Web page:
Communication and Culture | Current Topics in Comm. and Culture
C334 | 1160 | Phaedra Pezzullo

"It is tempting to look upon Yosemite as the final battleground of
'nature' versus 'society': two of the worthiest adversaries head-to-
head; the most beautiful natural place on earth against an entire
postmodern city owned by a major corporation, attempting to take the
place over from within.  But this is a pseudo-battle.  Its outcome is
It is not nature vs. society, but 'framed' nature vs. corporate
Society already won.  The 'battle' is only another entertainment.
Unless, of course, we decide to change society."
(Dean MacCannell, 1992, 116-117)

Tourism is a significant global industry both commercially and
noncommercially.  For people who care about the environment, this fact
provokes both hope and concern.  On the one hand, the popularity of
tourism promises great potential as a means to increase attention
towards the value of specific places, ecosystems, and cultures.  On
the other hand, tourism's popularity does not necessarily correlate to
environmental preservation or sustainable local cultures, especially
when "tourism" accounts for such a wide range of practices.  Given
this tension, it is perhaps unsurprising that critical responses to "
environmental tourism," like MacCannell's (above), seem only to agree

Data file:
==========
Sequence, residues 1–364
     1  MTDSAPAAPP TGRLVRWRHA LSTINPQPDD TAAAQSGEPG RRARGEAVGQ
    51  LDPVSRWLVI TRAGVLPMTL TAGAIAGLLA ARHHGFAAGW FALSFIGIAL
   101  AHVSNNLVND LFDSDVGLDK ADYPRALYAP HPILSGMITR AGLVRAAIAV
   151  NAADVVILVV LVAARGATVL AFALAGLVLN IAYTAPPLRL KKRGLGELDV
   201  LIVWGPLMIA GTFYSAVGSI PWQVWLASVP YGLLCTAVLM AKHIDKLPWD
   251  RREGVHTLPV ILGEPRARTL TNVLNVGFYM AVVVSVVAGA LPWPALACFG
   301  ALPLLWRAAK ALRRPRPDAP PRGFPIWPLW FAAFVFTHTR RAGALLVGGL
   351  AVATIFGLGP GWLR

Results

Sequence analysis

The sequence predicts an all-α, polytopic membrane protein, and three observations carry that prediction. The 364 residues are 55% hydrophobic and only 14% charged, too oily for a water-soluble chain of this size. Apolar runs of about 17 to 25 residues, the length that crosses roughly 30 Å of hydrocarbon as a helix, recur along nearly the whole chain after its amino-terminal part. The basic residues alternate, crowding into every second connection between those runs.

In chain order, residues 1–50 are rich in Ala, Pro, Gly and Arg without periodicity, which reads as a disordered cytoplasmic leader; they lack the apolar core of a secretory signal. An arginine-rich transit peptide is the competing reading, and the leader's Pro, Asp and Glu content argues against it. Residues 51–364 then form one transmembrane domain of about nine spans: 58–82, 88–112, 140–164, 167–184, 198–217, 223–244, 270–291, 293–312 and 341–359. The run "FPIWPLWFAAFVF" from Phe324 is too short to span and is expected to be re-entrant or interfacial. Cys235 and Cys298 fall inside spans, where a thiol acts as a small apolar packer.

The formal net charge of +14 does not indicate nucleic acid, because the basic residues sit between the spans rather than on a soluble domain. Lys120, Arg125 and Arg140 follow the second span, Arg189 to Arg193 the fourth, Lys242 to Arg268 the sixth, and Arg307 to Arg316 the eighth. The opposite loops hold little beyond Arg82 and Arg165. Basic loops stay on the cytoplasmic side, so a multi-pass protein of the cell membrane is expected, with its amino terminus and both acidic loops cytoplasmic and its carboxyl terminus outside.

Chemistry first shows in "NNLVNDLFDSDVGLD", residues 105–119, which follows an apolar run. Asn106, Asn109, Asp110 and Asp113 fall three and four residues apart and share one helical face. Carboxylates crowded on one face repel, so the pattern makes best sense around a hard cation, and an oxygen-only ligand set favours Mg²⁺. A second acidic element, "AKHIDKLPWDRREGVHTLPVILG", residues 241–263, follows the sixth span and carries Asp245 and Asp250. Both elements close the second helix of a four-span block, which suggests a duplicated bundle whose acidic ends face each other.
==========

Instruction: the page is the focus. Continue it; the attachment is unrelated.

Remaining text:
on two things: (1) any opinion about the relationship between tourism
and the environment tends to provoke controversy; and (2) the stakes
of these controversies are high.

In order to explore the rhetoric of tourism as a performative mode of
communication in relation to environmental concerns, this introductory
course is organized around three themes: commercial "ecotourism";
commercial environmental tourism museums and parks; and noncommercial
industrial tourism (e.g., toxic tours and waste management facility
tours).  We will engage interdisciplinary literature on these themes,
primary tourist materials and sites, and each other to explore the
limitations and possibilities of "environmental tourism" as mode of
communicating about culture and social change.

Assignment Summary
Active and Informed Seminar Participation: 10%
Reading Quizzes: 10%
3 Critical Research Papers: 20% (4-5 pages); 20% (4-5 pages); 40% (9-
10 pages)
Final Individual Presentations (5 minutes): expected

Course Readings
Located on IU ereserves and available to purchase as a coursepack.